By learning how to schedule your day properly, you can become more aware of your procrastination habits and use that information to take control of your workload. And scheduling your day by the hour breaks larger projects into smaller, more manageable tasks so big projects are less daunting. 

Scheduling versus planning: what’s the difference?

You can’t make a schedule without a plan. Think of a plan as water and a schedule as the cup — the plan is the substance, and the schedule keeps it from going all over the place.

Before diving into time management scheduling, start by making a plan. Planning identifies what, why, and how you need to complete tasks. Start by defining a goal — finishing a project, writing team documentation, improving a skill — and outlining the steps you need to take to get there. You should also figure out what resources you have and how to use them. A project plan can host all this info in one place.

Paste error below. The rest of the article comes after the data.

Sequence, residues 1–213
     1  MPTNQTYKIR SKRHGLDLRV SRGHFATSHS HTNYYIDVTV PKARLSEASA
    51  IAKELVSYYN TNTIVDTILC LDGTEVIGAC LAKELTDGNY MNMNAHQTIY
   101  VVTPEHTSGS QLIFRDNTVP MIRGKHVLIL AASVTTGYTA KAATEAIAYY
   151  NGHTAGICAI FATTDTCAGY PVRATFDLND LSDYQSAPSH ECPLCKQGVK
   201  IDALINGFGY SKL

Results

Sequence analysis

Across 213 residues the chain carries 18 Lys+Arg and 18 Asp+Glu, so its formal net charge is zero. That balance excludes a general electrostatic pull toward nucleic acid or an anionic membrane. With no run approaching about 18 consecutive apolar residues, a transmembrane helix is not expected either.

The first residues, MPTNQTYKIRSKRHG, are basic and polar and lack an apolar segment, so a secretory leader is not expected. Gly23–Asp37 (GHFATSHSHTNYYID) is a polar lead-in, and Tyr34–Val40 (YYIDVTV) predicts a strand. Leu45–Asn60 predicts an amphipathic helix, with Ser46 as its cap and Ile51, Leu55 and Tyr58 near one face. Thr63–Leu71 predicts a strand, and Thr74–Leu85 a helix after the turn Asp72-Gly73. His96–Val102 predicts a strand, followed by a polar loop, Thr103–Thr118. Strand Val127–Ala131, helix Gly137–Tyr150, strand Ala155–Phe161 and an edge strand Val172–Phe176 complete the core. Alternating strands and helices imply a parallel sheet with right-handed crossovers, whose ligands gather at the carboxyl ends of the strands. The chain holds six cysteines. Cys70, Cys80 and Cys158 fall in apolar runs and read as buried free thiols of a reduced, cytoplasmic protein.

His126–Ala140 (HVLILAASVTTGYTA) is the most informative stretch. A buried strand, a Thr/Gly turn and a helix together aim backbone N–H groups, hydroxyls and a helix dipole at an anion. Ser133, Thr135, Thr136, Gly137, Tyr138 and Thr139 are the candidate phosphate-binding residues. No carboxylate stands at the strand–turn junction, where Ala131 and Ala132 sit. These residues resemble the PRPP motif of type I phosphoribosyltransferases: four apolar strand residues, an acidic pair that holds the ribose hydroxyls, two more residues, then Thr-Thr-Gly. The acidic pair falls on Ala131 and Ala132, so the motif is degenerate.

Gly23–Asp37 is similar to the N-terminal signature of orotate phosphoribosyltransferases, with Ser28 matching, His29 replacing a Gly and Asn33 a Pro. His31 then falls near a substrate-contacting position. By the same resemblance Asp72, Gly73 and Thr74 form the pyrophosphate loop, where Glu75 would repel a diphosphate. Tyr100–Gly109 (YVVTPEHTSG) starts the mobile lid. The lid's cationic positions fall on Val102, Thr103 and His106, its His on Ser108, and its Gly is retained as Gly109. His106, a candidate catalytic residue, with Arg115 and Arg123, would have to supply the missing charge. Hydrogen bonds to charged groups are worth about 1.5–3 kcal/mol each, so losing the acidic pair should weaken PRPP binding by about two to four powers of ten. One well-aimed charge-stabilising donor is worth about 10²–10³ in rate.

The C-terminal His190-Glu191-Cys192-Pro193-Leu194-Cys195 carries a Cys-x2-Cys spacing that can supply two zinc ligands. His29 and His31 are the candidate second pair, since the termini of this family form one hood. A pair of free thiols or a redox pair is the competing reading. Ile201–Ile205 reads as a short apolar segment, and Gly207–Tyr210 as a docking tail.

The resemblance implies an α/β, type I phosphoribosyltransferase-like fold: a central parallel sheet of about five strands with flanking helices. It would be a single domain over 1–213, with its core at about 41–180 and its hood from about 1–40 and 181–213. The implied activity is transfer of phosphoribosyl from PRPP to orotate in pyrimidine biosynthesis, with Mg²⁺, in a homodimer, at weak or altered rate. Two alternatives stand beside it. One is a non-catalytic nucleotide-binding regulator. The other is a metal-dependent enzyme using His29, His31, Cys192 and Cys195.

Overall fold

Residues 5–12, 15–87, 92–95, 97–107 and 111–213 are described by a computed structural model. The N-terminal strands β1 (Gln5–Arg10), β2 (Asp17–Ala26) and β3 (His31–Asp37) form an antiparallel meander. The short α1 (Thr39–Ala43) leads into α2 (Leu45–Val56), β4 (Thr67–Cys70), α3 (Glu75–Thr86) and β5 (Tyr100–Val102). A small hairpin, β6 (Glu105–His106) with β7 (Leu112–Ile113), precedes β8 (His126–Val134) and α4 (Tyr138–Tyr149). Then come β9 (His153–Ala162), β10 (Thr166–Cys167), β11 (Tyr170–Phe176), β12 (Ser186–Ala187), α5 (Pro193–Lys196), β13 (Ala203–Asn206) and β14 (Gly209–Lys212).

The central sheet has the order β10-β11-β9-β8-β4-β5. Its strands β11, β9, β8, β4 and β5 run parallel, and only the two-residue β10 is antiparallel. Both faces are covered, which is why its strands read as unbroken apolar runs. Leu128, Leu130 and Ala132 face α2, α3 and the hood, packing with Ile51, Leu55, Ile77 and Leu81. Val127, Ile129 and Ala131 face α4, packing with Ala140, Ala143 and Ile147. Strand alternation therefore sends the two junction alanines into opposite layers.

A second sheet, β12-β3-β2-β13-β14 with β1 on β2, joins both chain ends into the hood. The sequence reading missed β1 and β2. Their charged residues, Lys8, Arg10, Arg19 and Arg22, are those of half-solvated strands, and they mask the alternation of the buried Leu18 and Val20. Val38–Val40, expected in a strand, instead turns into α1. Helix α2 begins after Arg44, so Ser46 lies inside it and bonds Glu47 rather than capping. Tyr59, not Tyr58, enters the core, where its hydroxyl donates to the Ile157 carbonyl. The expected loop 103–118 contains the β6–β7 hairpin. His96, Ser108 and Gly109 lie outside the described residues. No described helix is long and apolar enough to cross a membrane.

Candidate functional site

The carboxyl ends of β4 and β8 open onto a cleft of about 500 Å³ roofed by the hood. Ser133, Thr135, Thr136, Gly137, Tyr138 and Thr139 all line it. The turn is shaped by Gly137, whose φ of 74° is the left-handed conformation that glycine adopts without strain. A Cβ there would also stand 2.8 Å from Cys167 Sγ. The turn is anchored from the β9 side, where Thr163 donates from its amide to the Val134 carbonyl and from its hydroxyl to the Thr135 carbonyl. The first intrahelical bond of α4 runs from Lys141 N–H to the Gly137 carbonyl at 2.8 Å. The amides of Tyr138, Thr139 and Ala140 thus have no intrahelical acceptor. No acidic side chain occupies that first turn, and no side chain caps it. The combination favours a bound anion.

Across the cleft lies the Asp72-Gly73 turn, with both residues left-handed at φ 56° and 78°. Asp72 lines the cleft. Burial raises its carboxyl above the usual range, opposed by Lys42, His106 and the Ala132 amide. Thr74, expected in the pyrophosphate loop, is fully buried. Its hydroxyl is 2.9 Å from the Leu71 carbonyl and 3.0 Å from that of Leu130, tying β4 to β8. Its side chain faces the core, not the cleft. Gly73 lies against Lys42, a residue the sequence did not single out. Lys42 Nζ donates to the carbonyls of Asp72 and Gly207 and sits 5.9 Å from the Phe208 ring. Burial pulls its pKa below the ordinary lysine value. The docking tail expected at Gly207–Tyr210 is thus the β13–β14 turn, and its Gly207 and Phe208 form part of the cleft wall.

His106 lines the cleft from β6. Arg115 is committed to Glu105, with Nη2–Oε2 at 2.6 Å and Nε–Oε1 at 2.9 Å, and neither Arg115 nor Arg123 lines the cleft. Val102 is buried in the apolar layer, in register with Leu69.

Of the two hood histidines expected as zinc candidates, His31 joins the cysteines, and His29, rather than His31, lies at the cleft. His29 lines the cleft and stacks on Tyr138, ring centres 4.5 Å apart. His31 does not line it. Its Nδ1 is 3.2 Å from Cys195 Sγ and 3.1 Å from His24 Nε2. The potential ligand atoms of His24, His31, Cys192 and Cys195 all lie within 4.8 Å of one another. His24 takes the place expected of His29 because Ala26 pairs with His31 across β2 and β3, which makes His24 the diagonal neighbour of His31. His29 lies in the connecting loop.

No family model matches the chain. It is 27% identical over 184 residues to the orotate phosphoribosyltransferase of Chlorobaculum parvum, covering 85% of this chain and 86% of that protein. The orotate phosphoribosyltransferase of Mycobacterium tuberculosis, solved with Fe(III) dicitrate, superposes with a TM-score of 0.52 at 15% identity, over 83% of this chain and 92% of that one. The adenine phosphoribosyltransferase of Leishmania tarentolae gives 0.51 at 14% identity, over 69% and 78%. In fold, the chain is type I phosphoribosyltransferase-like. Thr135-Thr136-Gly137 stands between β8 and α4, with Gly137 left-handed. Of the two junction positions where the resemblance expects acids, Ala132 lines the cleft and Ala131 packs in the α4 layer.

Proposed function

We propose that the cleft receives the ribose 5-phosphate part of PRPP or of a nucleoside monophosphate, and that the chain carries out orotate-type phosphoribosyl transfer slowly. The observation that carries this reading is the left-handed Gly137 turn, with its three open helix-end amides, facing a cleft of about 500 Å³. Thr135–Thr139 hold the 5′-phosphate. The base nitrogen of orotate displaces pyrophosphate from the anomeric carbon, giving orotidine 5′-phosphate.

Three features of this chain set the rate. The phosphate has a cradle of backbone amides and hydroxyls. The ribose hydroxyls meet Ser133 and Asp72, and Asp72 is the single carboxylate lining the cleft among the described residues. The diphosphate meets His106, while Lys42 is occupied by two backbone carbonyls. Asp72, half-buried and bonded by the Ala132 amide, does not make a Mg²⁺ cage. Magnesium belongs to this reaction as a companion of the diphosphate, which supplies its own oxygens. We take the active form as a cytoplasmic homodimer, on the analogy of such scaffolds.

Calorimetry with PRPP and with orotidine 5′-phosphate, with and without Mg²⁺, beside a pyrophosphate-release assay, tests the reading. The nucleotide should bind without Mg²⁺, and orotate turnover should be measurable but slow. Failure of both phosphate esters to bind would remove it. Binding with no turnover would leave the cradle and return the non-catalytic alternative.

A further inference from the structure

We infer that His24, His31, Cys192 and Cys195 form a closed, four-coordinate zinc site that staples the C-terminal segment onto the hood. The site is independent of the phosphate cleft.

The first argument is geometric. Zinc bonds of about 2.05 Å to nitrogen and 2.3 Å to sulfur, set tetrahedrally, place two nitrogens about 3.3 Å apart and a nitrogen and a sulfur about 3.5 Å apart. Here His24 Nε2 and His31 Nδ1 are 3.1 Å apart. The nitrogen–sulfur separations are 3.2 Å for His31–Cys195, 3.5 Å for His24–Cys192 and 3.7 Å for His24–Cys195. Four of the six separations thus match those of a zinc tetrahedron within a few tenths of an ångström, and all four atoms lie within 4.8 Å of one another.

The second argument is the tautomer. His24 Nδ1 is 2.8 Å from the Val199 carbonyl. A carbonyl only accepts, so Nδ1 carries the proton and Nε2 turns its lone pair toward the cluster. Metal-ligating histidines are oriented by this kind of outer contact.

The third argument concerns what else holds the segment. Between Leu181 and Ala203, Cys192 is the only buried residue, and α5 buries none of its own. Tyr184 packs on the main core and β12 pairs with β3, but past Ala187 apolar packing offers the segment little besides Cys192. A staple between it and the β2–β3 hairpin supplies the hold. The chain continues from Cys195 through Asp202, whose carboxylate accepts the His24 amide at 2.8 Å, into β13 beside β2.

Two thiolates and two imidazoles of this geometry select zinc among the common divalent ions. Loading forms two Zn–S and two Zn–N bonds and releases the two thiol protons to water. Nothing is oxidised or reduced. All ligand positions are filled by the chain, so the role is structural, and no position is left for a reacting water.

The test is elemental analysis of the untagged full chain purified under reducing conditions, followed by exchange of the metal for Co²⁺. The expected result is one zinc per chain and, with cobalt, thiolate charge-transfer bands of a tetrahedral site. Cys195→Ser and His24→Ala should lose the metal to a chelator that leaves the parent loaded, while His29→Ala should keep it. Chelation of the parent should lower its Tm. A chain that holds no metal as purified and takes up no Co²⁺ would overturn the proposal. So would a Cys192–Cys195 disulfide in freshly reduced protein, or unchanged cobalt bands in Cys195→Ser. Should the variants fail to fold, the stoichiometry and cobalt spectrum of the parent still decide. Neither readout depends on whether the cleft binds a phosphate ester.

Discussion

Then you can schedule. Scheduling assigns specific blocks of time to each task or activity and helps you adjust them as needed. Starting from your plan, decide how much time it will take to finish individual tasks and create a daily schedule based on that information. You can try more rigid time blocking in a calendar or give yourself more general deadlines for when you want to finish certain things — whatever works best for your style.

Here are some more key differences between planning and scheduling:

  • Focus — while planning uncovers objectives and develops strategies for achieving them, scheduling allocates time to the specific tasks that make up those strategies. They’re two distinct processes that focus on different (but connected) parts of a larger goal.

  • Timeframe — planning typically involves long-term objectives, while scheduling focuses on immediate, short-term tasks that contribute to them.